Research on the Resources Management and Risk Efficiency for Crop Rotation Systems in Sudan Gezira Scheme

Risk is an important factor in crop rotation systems and cropping system management studies. The
study uses stochastic simulation techniques and Stochastic Efficiency with Respect to Function
(SERF) to evaluate five crop rotations risk-efficiency and economic sustainability in Sudan Gezira
Scheme. Price and yield risk for five crops were simulated to calculate whole-scheme net return. The
analysis shows with the present irrigation system capacity 4 course rotation deal with potential at
upside level and is the most preferred at lower (ARAC). The 5 Course rotations (A) with 72% is most
risk efficiency followed by (B) with 53% land use intensity and mitigate risk at downside level. The 5
course rotations achieve water distribution equity and is the most risk efficient crop rotation at upper
(ARAC). The area allocated in 5 Course rotations (A) for cotton crop is 11%, wheat 34%, sorghum
41%, groundnut 11% and fodder crops 3%. Fodder can be grown two times in summer and winter
season without creating water shortage problems and add value to livestock products. However, this
will increase net return and increase soil fertilities within the selected crop rotation. The result also
shows that return pack to night storage irrigation system needs a risk premium of 36 Million (SDG)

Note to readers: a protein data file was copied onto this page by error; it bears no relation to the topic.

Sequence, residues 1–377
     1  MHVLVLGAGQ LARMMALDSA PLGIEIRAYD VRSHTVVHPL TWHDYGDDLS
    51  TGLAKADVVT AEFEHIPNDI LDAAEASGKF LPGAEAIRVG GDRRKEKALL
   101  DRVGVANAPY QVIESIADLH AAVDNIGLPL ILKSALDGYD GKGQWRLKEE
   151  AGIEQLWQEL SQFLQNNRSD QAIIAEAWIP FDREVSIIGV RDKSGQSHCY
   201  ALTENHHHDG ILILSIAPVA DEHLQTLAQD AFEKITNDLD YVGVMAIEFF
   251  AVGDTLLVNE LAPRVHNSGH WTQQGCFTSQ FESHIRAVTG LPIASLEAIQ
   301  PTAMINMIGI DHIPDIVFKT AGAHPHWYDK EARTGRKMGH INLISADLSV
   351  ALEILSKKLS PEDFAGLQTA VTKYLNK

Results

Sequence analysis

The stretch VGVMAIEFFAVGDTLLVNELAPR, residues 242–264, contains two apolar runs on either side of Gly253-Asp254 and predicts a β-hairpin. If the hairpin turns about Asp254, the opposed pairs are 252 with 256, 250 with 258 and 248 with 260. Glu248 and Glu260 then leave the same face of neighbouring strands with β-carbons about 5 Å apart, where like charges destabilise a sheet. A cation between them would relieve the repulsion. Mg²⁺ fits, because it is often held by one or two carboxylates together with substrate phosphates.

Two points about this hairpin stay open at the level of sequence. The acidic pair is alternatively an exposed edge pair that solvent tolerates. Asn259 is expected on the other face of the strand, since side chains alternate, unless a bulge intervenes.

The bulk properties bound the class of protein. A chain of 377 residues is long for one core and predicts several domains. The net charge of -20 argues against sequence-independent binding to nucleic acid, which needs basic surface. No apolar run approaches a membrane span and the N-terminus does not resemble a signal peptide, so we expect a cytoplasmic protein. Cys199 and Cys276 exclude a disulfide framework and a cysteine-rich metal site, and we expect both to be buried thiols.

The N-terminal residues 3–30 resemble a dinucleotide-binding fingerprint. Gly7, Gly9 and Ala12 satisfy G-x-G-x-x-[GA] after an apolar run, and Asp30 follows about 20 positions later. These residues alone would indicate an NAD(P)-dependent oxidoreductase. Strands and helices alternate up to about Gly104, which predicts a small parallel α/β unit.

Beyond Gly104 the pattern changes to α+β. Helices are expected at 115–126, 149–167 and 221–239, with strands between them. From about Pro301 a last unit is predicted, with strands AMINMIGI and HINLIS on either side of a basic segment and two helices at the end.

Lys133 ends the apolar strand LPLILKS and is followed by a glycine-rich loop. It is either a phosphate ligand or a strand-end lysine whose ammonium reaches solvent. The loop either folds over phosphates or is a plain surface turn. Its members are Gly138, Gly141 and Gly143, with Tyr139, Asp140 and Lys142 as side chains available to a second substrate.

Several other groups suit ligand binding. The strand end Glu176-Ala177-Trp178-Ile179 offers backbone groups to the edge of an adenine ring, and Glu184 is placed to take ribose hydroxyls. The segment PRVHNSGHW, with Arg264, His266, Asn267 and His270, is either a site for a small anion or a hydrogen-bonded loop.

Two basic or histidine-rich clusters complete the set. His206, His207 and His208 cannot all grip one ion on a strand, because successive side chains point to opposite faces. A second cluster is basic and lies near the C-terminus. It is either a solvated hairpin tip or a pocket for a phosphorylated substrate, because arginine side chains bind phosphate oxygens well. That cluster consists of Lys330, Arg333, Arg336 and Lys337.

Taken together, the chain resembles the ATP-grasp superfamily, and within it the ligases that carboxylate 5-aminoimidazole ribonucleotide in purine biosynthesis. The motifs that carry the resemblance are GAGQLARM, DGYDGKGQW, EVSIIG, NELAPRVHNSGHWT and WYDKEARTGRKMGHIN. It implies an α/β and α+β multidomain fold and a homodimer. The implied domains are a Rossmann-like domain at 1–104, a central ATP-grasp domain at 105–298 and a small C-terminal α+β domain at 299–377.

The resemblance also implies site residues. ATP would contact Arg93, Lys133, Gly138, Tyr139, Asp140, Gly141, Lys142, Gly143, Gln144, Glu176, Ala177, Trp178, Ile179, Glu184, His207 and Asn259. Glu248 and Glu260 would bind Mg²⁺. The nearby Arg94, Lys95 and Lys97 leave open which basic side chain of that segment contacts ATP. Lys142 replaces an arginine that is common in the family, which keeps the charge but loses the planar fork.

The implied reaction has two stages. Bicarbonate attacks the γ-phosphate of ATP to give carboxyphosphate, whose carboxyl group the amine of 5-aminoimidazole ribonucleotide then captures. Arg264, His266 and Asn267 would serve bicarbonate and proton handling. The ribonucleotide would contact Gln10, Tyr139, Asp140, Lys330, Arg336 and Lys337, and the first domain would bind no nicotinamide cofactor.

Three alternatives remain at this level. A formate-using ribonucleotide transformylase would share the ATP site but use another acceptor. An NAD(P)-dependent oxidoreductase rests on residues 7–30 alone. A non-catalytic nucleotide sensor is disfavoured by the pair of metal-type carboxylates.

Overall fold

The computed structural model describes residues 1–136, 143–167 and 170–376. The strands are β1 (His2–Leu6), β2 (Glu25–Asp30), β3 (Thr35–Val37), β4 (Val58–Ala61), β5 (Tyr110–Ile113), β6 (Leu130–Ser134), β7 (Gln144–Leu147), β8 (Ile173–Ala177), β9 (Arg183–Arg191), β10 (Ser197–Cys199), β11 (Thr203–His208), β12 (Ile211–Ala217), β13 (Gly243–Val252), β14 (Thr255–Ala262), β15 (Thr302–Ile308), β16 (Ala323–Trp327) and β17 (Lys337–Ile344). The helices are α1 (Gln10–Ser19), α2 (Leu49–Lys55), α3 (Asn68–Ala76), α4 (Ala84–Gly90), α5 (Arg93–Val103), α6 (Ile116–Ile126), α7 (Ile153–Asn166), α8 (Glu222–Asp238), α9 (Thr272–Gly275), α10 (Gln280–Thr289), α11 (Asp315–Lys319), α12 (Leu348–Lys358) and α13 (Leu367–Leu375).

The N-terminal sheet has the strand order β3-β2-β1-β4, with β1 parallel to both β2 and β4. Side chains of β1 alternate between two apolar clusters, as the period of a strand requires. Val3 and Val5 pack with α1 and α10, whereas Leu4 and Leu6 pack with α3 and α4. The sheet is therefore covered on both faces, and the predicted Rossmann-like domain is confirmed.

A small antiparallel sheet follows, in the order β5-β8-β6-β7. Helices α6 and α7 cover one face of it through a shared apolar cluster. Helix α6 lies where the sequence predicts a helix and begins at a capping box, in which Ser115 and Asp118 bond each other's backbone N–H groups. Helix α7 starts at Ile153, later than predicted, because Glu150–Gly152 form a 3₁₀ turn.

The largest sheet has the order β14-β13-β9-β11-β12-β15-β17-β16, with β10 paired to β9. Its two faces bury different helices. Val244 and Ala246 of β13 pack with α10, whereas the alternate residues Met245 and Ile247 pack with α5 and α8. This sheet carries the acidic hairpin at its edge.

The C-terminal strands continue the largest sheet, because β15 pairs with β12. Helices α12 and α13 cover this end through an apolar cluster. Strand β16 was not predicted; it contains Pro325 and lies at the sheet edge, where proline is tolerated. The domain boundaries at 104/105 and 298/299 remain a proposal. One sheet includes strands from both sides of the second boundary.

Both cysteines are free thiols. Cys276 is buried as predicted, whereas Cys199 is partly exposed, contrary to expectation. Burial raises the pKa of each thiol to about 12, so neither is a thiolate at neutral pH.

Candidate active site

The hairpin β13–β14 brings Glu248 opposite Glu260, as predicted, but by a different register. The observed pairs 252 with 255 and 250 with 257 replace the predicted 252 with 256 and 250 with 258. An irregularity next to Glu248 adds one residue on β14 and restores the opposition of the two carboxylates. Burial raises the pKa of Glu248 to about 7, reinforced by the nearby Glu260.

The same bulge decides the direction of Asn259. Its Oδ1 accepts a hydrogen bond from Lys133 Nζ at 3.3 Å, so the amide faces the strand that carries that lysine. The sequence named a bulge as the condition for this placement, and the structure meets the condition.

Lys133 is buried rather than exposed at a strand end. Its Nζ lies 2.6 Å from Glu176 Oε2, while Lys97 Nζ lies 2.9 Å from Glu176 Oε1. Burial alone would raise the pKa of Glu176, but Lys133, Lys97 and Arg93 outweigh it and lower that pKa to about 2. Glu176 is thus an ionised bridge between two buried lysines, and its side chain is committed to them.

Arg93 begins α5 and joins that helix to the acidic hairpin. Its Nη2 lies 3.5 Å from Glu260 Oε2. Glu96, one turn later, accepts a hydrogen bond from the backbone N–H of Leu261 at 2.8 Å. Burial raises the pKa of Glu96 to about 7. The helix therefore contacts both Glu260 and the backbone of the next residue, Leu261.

and reduce return loss for farmers at tail end canals. The techniques used in this study could be used
with any distribution estimates for evaluation uncertain variables incorporated in crop rotation such as
new crop varieties and research recommendation packages. They also could be modified to account
for new information contribution during the decision process and account for dynamic effects and
policy adjustment and modification. In order to utilize stochastic simulation techniques the study use
data from farmer’s field, it is critical that there is enough information to characterize the distributions of
the uncertain variables. The distributions of uncertain variables in this analysis were estimated based
on historical data; however historical data distributions may not be the best representation of potential
outcomes. As a result, the techniques used in this study could be used with any distribution estimates
for the uncertain variables incorporating new crop varieties and research recommendation packages.

Author (s) Details

Kheiry Hassan M. Ishag
Dhofar Cattle Feed Company, P.O. Box 1220, PC 211, Sultanate of Oman.

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